What's Next For Twitter, Now That It Has Lost Its Mojo?

Twitter's woes are written about daily and have even recently led to speculation that the social media service is on the verge of being sold to the tech giants that are the usual suspects -- i.e., Google, Facebook, Apple or, least likely, Microsoft. Then, today, we have proof of what gurus have been lining up slides to foretell for the past handful of years. Twitter is losing its cool. You've seen the new user charts that show Twitter falling off a cliff. Well, today it even failed to make the Top 20 CoolBrands rankings in the UK.

You can't help but think that Twitter is the modern day, social equivalent of a Yahoo train wreck, edging slowly and painfully to insolvency. It has never made a single cent in profit and you'd be forgiven for thinking, by the lack of any serious attempt to advertise to its massive audience, that it was not really too bothered about turning a profit. So a lot has always hinged on the fact that it wasn't either Google or Facebook but its own quirky self, facing subscribers with an insurmountable newsfeed that it neither prioritised nor interspersed with any serious attempt to advertise. But now it seems to be losing its quirky, cool factor too.

Quite how it can claim to be worth $18bn is anyone's guess. I confess to being a dinosaur who would typically look for a multiple of profits to work out a company's worth. However, Twitter does have a lot of eyeballs that are there to be monetised, particularly on mobile. So a sale at some stage is likely. Google has always sucked at social, and so it is no surprise it has been at the top of the potential buyers' list. Facebook is great at monetising social, particularly mobile, and so may decide to dip into petty cash to buy Twitter. Apple is believed to be interested in a better Apple News and spectacularly failed with its own mobile advertising service, so could well believe it could hit both proverbial birds with a single stone.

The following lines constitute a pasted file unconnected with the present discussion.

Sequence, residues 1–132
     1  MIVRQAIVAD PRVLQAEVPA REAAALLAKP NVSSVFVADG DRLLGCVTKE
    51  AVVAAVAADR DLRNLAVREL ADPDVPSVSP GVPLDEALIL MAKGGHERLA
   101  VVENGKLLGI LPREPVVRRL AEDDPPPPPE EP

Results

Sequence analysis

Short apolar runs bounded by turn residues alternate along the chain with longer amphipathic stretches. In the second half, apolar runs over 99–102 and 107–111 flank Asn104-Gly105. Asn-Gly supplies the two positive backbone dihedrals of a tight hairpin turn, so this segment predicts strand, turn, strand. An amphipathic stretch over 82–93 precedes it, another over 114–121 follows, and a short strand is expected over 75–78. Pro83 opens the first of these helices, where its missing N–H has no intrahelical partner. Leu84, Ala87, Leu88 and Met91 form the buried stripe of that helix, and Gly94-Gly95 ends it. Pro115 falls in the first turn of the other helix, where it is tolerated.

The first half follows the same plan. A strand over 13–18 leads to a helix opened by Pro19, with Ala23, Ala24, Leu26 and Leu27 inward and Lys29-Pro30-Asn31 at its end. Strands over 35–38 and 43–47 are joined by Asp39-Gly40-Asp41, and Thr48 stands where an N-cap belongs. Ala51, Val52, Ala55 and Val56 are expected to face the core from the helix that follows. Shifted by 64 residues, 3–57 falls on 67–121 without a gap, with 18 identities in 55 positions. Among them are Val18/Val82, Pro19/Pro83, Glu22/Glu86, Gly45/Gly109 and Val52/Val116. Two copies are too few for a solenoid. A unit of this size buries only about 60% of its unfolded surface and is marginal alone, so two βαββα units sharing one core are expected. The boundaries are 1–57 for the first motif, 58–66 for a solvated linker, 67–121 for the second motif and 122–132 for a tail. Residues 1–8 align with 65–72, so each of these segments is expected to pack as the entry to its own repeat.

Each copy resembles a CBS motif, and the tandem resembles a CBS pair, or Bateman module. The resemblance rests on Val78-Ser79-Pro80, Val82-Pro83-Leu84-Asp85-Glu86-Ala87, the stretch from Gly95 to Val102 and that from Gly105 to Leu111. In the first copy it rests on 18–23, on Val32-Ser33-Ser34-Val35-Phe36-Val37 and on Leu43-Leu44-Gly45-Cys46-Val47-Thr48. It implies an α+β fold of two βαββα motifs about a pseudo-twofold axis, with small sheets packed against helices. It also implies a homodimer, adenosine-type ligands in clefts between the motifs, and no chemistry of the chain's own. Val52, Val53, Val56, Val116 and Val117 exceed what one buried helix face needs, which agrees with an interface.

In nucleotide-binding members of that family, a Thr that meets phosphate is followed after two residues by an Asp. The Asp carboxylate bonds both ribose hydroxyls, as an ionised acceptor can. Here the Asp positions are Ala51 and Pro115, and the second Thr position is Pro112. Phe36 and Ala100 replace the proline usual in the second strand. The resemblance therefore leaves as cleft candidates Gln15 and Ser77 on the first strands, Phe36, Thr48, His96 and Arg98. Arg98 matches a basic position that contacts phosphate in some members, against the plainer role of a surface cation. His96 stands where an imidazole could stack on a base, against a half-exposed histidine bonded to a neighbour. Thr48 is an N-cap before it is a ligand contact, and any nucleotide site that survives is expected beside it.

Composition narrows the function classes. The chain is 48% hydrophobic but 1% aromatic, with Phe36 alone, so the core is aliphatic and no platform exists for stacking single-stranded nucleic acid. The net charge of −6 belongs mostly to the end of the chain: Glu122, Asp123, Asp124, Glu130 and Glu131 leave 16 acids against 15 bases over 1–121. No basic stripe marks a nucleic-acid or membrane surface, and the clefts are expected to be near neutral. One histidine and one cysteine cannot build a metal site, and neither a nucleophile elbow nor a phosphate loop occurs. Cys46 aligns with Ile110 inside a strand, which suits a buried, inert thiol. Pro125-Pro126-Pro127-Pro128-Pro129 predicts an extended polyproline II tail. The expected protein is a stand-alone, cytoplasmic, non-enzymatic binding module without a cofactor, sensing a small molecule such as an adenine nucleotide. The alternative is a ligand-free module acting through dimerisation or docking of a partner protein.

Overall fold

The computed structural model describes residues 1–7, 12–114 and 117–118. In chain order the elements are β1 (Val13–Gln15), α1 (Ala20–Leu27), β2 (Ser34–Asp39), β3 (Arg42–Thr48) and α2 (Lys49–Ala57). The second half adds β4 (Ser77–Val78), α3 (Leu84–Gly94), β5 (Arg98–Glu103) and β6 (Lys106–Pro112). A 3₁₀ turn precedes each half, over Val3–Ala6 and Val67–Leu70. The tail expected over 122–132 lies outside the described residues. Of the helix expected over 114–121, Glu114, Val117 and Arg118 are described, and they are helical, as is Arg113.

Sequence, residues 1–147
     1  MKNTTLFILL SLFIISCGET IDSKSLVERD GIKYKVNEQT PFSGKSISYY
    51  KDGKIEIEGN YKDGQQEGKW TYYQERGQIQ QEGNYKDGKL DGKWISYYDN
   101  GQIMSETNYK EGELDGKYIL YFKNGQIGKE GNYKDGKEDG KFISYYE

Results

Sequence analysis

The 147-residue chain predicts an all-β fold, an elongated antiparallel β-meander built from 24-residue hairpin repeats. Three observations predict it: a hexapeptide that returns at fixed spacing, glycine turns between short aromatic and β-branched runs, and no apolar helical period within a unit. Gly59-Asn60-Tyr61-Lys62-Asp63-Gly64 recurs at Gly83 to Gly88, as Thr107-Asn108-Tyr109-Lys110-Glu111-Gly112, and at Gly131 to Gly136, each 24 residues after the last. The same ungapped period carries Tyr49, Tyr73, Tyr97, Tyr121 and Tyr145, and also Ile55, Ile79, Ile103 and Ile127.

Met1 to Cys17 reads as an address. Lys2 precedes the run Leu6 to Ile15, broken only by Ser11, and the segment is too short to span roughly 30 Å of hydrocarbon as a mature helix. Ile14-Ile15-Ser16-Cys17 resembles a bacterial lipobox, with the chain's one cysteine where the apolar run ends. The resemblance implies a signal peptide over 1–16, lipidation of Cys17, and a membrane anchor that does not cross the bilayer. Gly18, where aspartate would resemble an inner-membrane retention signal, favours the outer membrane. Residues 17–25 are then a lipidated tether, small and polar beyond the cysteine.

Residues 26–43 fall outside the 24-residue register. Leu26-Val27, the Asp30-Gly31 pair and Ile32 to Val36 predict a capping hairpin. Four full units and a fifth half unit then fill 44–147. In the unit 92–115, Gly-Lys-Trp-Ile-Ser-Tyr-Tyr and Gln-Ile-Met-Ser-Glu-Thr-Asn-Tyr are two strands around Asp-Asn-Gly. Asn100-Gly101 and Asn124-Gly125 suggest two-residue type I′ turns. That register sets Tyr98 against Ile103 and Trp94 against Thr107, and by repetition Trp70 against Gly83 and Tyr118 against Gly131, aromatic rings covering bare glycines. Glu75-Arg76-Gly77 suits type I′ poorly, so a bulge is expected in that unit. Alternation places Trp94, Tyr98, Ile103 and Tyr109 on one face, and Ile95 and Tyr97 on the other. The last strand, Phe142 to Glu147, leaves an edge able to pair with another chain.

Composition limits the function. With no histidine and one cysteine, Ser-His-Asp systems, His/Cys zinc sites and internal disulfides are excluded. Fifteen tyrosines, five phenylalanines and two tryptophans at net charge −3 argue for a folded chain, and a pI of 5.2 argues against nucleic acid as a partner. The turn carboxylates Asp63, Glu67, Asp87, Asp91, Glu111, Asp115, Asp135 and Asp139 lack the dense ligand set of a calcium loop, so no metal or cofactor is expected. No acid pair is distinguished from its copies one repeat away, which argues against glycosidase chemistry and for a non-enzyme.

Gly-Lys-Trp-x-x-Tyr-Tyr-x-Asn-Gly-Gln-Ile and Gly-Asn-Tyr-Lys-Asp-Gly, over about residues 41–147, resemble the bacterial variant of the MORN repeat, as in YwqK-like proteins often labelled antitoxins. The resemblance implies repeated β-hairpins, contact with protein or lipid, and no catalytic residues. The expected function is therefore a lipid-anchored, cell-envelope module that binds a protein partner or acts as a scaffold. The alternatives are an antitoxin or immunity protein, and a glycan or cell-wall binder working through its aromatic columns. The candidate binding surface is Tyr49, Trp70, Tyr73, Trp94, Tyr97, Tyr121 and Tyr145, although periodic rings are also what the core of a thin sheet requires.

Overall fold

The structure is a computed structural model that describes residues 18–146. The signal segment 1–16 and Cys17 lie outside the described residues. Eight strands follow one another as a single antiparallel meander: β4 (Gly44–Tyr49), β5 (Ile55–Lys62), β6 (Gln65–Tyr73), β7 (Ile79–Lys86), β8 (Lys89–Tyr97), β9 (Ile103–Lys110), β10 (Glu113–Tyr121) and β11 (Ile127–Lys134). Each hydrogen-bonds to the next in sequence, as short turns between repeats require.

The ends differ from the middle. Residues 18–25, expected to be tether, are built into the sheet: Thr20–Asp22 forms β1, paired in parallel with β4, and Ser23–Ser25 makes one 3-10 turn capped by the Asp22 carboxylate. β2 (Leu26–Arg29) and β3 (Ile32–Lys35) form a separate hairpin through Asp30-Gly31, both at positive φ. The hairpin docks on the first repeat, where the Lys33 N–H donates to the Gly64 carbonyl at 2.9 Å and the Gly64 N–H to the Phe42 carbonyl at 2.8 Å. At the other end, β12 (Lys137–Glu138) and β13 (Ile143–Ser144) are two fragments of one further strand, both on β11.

What's clear, however, is that the talk about Twitter is now moving to who is going to buy it, not whether. Sadly, for those of us who have loved the platform for many years, this is not a spectacular lap of victory but rather a marriage of convenience to save a huge tech platform from one day eventually running out of cash and investor patience. 

Ultimately, Twitter has one advantage over Yahoo. It has a massive mobile following that is currently under-monetised, and that is exactly what the aforementioned suitors will likely purchase it for. But for $18bn, I'm not so sure. Twitter isn't quite a train wreck yet, but it has definitely hit ice and looks to have called for assistance now that winter is drawing near and no doubt, another quarterly update will soon bring news that it's still losing money.

2 comments about "What's Next For Twitter, Now That It Has Lost Its Mojo?".
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  1. David Kinlay from Home, September 27, 2016 at 8:58 a.m.

    What documentary evidence is there for Twitter is not as productive as it could be?  There needs to be link to the evidence. Thanks 

  2. Sean Hargrave from Sean Hargrave, September 27, 2016 at 9:34 a.m.

    Don't think i mentioned 'productive'. The evidence it is not doing well is the simple fact it hasn't made a dime in profit.

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